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Nation: Congress Moves-A Little

4 minute read
TIME

Action on civil service reform, hospital costs and ERA

With final adjournment only two months away, the pace of activity sped up in Congress last week. Among the results:

Civil Service Reform. To improve the federal bureaucracy’s efficiency, Carter proposed that hiring and firing procedures be streamlined for the Government’s 2.8 million civil service employees. For high-level bureaucrats, he also recommended greater use of salary incentives based on job performance. Last week the House Post Office and Civil Service Committee approved a bill, but only after it had been substantially rewritten under pressure from lobbyists for Government employees. The committee cut back the incentive program to a two-year experiment and limited it to three agencies, to be designated by the Administration. It proposed amending the Hatch Act to permit federal employees to take an active role in partisan politics, a step opposed by Carter who called the committee’s votes “very adverse.”

Still. Arizona Democrat Morris Udall, who is managing the legislation for the Administration, is confident that the objectionable sections can be eliminated on the House floor. Said he: “My whole strategy was simply to get out a bill.”

Subsidized Housing. The Administration had asked for a 1979 appropriation of $31 billion to subsidize housing for the poor and the elderly. But the Senate Banking, Housing and Urban Affairs Committee added amendments that would have cost the Government an additional $8 billion. Last week, by a vote of 60 to 21, the Senate cut it back to what the Administration had originally proposed.

In a reversal of political stereotypes, several Republicans—including Massachusetts’ Edward Brooke, Pennsylvania’s John Heinz III and New York’s Jacob Javits—supported the increased spending. Argued Brooke: “It is cruel to look to our lowest-income citizens as the front line in the battle against inflation.”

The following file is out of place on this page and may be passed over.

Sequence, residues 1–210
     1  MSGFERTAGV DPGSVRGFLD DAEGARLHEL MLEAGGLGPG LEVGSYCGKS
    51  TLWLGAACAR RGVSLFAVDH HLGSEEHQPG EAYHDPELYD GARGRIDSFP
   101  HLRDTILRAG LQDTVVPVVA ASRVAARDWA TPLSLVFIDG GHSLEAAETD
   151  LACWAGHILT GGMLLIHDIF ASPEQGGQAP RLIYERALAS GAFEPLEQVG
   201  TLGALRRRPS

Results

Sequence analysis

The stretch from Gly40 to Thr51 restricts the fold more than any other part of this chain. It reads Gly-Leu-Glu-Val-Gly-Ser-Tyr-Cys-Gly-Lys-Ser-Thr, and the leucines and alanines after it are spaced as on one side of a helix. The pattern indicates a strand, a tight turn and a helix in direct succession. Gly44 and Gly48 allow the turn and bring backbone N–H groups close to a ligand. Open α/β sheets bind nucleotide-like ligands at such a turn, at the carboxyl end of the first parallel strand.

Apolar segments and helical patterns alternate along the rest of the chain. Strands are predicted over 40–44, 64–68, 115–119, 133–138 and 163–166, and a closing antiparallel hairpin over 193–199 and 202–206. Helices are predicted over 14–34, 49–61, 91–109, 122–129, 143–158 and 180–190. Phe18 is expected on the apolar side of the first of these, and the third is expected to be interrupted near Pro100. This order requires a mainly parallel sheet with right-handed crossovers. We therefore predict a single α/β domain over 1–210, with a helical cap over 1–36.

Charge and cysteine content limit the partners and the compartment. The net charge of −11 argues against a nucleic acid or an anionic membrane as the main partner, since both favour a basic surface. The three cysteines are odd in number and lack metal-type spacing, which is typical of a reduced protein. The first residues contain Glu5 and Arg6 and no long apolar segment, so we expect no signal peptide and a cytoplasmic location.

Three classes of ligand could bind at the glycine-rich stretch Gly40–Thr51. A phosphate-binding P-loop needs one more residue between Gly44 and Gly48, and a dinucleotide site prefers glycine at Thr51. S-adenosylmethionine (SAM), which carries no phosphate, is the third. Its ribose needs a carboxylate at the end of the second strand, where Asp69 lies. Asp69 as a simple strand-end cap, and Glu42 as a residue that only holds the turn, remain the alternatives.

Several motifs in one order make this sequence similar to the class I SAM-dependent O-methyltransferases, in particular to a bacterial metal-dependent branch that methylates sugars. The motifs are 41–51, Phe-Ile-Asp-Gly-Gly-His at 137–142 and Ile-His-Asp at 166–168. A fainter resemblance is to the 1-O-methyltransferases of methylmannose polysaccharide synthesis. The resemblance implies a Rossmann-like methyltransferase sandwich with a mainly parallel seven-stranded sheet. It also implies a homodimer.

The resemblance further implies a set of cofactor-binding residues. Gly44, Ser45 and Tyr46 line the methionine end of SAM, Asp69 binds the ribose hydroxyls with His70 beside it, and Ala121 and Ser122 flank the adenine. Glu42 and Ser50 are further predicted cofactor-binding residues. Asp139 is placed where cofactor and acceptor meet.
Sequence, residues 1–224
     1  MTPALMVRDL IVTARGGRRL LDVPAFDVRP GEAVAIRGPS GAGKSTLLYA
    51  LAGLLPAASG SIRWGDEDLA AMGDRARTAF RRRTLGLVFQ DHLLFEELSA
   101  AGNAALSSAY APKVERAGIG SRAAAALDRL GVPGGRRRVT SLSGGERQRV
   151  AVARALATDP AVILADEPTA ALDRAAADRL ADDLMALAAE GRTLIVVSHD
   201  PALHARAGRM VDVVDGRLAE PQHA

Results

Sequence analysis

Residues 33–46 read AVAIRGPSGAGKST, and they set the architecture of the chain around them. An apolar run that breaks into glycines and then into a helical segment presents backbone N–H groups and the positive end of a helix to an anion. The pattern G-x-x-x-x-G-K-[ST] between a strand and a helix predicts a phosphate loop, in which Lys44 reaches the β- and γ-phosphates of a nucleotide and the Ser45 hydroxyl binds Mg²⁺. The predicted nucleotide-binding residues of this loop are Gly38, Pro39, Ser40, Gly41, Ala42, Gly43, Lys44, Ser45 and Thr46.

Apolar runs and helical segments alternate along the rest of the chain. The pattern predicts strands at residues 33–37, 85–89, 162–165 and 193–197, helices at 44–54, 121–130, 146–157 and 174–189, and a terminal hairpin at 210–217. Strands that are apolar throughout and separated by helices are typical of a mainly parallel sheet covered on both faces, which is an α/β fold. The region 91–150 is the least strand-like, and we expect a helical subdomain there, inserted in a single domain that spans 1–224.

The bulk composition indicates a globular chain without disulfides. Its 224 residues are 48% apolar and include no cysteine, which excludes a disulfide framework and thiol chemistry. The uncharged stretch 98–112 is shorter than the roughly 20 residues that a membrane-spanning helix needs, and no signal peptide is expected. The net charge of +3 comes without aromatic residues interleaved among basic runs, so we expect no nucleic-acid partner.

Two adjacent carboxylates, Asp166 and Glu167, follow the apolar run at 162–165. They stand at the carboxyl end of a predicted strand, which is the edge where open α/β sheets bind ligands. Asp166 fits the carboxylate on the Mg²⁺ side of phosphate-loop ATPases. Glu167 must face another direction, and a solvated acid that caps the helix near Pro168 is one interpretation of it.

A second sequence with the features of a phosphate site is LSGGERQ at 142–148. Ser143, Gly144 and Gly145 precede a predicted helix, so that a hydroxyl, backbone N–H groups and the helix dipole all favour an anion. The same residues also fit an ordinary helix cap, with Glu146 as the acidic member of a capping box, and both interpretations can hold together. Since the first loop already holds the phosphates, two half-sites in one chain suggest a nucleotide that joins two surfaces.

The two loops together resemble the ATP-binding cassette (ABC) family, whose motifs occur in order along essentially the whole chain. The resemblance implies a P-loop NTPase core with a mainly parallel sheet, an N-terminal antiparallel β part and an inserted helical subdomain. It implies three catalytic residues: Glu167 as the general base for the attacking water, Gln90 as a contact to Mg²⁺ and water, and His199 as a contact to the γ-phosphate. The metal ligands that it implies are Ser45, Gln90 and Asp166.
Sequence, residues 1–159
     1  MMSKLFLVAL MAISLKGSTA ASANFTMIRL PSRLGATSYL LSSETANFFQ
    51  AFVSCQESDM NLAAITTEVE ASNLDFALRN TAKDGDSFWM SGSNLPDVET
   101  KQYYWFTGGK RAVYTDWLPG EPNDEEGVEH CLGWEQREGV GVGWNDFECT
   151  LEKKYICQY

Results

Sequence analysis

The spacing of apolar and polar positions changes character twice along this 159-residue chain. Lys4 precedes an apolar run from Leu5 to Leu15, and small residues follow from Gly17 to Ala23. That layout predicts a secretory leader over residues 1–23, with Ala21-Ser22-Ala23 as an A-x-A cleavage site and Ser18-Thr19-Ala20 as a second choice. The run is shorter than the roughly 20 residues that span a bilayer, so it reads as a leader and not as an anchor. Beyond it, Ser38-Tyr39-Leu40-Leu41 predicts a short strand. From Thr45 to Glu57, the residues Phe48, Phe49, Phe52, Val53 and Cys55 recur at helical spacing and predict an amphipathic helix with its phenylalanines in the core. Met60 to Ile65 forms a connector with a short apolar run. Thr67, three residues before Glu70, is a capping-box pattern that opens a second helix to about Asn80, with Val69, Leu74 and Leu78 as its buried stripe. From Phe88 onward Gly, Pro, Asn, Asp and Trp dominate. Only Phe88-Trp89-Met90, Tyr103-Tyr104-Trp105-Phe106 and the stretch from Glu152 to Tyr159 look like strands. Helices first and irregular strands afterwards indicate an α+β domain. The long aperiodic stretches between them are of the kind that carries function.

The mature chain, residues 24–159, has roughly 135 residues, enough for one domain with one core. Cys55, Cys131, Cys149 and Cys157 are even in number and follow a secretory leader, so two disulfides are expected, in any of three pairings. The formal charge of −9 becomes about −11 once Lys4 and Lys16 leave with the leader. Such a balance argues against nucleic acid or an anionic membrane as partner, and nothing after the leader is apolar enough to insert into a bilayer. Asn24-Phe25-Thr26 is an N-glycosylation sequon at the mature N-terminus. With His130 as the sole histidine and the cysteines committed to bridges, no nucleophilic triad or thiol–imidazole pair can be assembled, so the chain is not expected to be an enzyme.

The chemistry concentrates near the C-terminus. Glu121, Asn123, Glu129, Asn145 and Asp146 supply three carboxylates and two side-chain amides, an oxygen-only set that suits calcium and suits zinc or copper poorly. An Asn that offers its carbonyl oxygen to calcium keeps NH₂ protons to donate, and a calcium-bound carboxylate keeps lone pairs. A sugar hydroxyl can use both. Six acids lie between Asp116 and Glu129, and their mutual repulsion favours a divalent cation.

Hospital Costs. Carter has proposed limiting increases in hospital costs to 9% a year. They soared last year by almost 16%, a pace that has slowed a bit this year, to an average increase of 12.7%, a decrease helped in part by the threat of cost-curbing legislation. In a surprise move, Illinois Democrat Marty Russo defected from the Carter camp, enabling the House Interstate and Foreign Commerce Committee to vote 22 to 21 against mandatory hospital cost controls. Instead, the committee endorsed voluntary efforts by hospitals to cut costs. The panel also approved a national commission—with no enforcement powers—to monitor medical costs. Secretary of Health, Education and Welfare Joseph Califano bitterly blamed the defeat on Russo, who changed his views after lobbying by members of the Illinois Hospital Association.

Endangered Species. Because of the 1973 Endangered Species Act, federal officials were forced to suspend work on the $116 million Tellico Dam in eastern Tennessee to protect the snail darter, a rare species of three-inch perch. Last week the Senate voted to open a loophole in the act by authorizing a new Cabinet-level committee that could grant exemptions from the law in cases of “irresolvable conflict.” The provision was opposed by the Administration, but was accepted reluctantly by leaders of environmental groups, who were warned by Tennessee Republican Howard Baker that if “common sense” was not written into the law, political pressures would mount until “the act itself would expire.” Administration officials will now fight the Baker loophole in the House.

ERA Extension. Still three states short of the 38 needed for final approval of the Equal Rights Amendment, proponents originally asked Congress to extend the March 22 deadline for ratification by another seven years. But even with the help of last-minute phone calls to wavering legislators from Rosalynn Carter and Betty Ford, the bill seemed headed for defeat in the House Judiciary Committee. Supporters proposed a compromise: an extension of three years and three months. Then, to their surprise, they lost a crucial vote when a reluctant ally, Harold S. Sawyer of Michigan, said that he would vote no to anything less than seven years.

Committee Chairman Peter Rodino Jr. promptly called a 15-min. recess, and colleagues pressed Sawyer to change his mind. But he remained adamant. “It’s a delicate ego problem,” said New Jersey Republican Millicent Fenwick, after pleading with Sawyer. “He’s terribly angry. He says he’s been over-lobbied.” When the committee reconvened, Sawyer did indeed vote against the compromise. But Nevada Democrat Jim Santini left the room; in his absence the compromise extension squeaked through, 17 to 16.

Now the Rules Committee must decide, probably by mid-August, whether the ERA proposal will be brought to the floor. Senate opposition to the extension is even stronger, and conservative Senators threaten an anti-ERA filibuster ∙

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